• you do not have a high temperature, you do not need to self-isolate
  • you still have a high temperature, keep self-isolating until your temperature returns to normal

You do not need to self-isolate if you just have a cough after 7 days. A cough can last for several weeks after the infection has gone.

If you live with someone who has symptoms

Individuals living with someone who has symptoms need to self-isolate for 14 days from the day their symptoms started. This is because it can take 14 days for symptoms to appear.

If more than 1 person at home has symptoms, self-isolate for 14 days from the day the first person started having symptoms.

If you get symptoms, self-isolate for 7 days from when your symptoms start, even if it means you’re self-isolating for longer than 14 days.

If you do not get symptoms, you can stop self-isolating after 14 days.

Sick Pay

Where employees are self-isolating they must follow their workplace’s usual sickness reporting process.  Employees can ‘self-certify’ for the first 7 days of sickness. This means following workplace procedure without needing to get a note from a doctor or NHS 111.

Those self-isolating due to coronavirus for more than 7 days can get an online self-isolation note using one of the following methods if required:

  • NHS website
  • NHS mobile phone app – for those registered with a GP in England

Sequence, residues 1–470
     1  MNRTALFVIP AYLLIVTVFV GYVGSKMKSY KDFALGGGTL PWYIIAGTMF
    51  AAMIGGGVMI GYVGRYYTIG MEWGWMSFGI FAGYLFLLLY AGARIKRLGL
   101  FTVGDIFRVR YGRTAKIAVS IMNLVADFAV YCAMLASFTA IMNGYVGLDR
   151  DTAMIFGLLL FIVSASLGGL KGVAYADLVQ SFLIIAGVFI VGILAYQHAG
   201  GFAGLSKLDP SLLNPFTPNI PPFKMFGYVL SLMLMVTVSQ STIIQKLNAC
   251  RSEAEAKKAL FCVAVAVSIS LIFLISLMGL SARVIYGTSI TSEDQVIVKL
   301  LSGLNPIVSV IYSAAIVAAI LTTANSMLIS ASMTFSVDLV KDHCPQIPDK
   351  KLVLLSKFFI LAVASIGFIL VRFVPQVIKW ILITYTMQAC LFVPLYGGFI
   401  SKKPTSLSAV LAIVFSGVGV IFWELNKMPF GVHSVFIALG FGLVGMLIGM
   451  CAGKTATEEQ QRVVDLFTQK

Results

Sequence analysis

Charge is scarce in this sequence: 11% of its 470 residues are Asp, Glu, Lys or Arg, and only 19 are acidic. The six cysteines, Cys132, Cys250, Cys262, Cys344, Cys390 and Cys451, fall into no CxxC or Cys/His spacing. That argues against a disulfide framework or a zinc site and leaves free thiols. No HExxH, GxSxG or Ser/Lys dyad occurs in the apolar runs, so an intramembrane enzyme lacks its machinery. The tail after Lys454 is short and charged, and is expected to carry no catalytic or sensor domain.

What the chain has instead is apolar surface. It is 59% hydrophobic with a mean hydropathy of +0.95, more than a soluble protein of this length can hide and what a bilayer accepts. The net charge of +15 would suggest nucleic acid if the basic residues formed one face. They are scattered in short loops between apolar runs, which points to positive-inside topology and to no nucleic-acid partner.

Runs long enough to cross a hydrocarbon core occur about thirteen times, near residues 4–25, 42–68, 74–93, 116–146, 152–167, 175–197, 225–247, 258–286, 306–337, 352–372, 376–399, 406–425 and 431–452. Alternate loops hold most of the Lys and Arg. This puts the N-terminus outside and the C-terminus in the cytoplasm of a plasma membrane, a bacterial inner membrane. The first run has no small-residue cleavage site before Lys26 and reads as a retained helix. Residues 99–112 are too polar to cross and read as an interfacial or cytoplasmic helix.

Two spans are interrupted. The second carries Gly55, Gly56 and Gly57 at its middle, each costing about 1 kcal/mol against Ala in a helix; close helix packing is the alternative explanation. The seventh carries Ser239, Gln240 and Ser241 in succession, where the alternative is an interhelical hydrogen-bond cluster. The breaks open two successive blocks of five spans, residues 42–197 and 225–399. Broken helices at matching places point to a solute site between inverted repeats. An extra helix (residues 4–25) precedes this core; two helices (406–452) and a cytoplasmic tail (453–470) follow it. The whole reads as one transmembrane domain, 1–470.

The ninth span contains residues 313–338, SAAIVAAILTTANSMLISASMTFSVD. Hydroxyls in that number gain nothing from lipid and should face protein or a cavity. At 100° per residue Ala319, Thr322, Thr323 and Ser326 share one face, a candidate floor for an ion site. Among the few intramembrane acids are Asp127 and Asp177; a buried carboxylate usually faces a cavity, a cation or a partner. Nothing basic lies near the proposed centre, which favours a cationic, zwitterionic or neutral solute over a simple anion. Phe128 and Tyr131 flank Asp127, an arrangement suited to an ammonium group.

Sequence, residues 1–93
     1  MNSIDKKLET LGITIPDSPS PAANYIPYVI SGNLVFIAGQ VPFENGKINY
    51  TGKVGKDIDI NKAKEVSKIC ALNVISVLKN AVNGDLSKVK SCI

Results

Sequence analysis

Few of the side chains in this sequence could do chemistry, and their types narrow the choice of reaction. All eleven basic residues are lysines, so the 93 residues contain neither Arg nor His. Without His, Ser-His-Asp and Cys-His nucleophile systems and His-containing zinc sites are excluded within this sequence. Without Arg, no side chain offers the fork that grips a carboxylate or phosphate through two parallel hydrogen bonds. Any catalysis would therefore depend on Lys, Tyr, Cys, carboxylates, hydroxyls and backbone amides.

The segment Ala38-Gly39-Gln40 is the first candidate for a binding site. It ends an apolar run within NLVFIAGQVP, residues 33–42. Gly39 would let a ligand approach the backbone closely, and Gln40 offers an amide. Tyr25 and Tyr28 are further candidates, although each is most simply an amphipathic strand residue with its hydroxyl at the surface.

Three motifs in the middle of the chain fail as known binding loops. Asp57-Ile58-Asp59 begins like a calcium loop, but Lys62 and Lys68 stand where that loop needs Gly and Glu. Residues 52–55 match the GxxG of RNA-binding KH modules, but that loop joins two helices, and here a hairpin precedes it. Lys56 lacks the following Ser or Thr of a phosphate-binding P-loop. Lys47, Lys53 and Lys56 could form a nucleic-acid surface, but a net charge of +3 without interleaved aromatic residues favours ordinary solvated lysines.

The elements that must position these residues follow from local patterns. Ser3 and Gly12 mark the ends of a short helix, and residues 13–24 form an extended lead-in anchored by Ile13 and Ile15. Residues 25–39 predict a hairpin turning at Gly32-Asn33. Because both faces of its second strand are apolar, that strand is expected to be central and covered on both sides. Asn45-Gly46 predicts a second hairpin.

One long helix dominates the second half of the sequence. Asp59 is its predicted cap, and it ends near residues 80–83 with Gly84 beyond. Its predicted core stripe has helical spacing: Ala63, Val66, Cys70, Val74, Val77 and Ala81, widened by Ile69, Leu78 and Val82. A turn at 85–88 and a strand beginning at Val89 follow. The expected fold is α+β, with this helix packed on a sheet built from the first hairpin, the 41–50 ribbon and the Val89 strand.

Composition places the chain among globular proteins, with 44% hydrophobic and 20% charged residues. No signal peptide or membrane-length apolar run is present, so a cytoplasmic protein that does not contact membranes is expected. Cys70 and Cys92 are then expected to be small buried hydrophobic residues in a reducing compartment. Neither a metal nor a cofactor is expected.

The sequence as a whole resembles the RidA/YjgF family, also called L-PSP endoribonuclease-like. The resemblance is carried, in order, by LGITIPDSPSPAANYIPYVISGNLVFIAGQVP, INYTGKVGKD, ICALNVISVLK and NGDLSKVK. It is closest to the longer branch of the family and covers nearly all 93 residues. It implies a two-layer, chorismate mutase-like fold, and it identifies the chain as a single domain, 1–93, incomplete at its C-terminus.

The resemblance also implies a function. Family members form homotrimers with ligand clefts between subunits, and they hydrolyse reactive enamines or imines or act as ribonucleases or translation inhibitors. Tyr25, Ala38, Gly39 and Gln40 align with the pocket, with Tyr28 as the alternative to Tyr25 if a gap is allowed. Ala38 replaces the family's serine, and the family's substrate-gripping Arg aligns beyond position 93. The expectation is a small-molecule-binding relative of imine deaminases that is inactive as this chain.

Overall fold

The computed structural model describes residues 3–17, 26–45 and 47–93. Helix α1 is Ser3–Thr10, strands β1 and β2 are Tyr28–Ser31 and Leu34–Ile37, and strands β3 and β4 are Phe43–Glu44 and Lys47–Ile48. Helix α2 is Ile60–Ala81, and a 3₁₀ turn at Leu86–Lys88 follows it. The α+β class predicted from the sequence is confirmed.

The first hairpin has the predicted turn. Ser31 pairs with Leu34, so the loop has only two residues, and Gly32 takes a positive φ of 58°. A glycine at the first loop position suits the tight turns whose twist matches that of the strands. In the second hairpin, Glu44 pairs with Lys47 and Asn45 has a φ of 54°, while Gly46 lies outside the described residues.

• NHS Direct Wales – use the coronavirus symptom checker

For employees or workers absent due to sickness, by law employers must pay Statutory Sick Pay (SSP) provided the eligibility criteria is met.  This includes:

  • Where an employee or worker has been off sick for at least 4 days in a row, including non-working days
  • Where an employee or worker earns on average at least £118 a week (£120 a week from 6 April 2020), before tax
  • Where an employee or worker told their employer within any deadline the employer has set or within 7 days

Agency, casual and zero-hours workers can get SSP if they meet the eligibility conditions.

Any entitlement to sick pay over and above SSP would usually have been notified in writing.

  • Immigration implications for UK employers


Please find relevant guidance from the UK government as well as the Advisory, Conciliation and Arbitration Service (ACAS) here: